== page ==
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Mixed Orthovoltage and Electron Treatments Offer An Inexpensive Alternative to Protons in Treating Peri-Ocular Lesions

Y Poirier

Y Poirier1*, K Martell2,3 , R Khan4 , T Zhang4 , A Hudson2,3 , N Wolfe3 , D Spencer2,3 , J Voroney2,3 , (1) University of Maryland School of Medicine, Baltimore, MD, (2) University of Calgary, Calgary, AB, (5) Tom Baker Cancer Centre, Calgary, AB, (4) Washington University School of Medicine, St Louis, MO


WE-RAM1-GePD-T-5 (Wednesday, August 2, 2017) 9:30 AM - 10:00 AM Room: Therapy ePoster Lounge

Purpose: Peri-orbital lesions are typically difficult to treat as they are surrounded by sensitive optical structures, which limit the dose that can be delivered to the target. Electrons are typically used, but suffer from a low surface dose and wide penumbra. Orthovoltage treatments offer higher surface dose and sharp penumbras, but suffer from rapid falloff and poor coverage of deeper lesions. While protons are ideal, they are an expensive modality and their access depends highly on geographical location. It is possible to combine the strengths of orthovoltage (high surface dose, sharp penumbra) with those of electrons (constant dose at depth, finite range) to create a more ideal dose distribution. In this study, we compare the dose distributions of a mix consisting of 30% 200 kVp orthovoltage + 70% 9 MeV electrons (renormalized to 110% to bring the sum Dmax to 100%) to those of orthovoltage, electrons, and protons alone.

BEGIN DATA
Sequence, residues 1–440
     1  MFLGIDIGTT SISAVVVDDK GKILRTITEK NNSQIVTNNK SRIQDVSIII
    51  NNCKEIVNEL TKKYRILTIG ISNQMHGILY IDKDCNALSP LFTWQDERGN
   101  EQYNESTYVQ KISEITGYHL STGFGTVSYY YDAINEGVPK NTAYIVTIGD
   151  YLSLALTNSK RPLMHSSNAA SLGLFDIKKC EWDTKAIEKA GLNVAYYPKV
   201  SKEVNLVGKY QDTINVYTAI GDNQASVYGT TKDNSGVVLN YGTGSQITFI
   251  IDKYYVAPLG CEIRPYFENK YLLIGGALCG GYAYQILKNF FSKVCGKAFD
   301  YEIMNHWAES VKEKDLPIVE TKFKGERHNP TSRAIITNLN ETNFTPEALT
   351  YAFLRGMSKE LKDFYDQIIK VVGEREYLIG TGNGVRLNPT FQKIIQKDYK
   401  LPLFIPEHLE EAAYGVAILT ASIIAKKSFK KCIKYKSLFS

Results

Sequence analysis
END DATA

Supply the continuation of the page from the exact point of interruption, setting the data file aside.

Methods: Dose distributions were retrospectively calculated for four previous peri-orbital lesion cases. The orthovoltage dose distributions were calculated using our previously validated kV dose calculation engine, kVDoseCalc. The electron dose distributions were calculated using the Varian Eclipse Monte Carlo model, and the proton dose distributions were calculated with Eclipse for Mevion S250 using a double scattering technique.

Results: Mixed orthovoltage and electron therapy produced dose distributions superior to either modality alone. The surface dose increased from ~60-80% with electrons alone to ~90-100% in mixed electron/orthovoltage plans. Combining electrons and orthovoltage treatments also increased the area of tissue receiving > 95% of the prescribed dose, due to the high scattering of electrons in small fields.

Conclusion: Combining electrons and orthovoltage treatments can produce a superior dose distribution for treating shallow peri-orbital tumors compared to either modality alone. While protons give superior dose distributions, the proposed technique is a viable inexpensive alternative.

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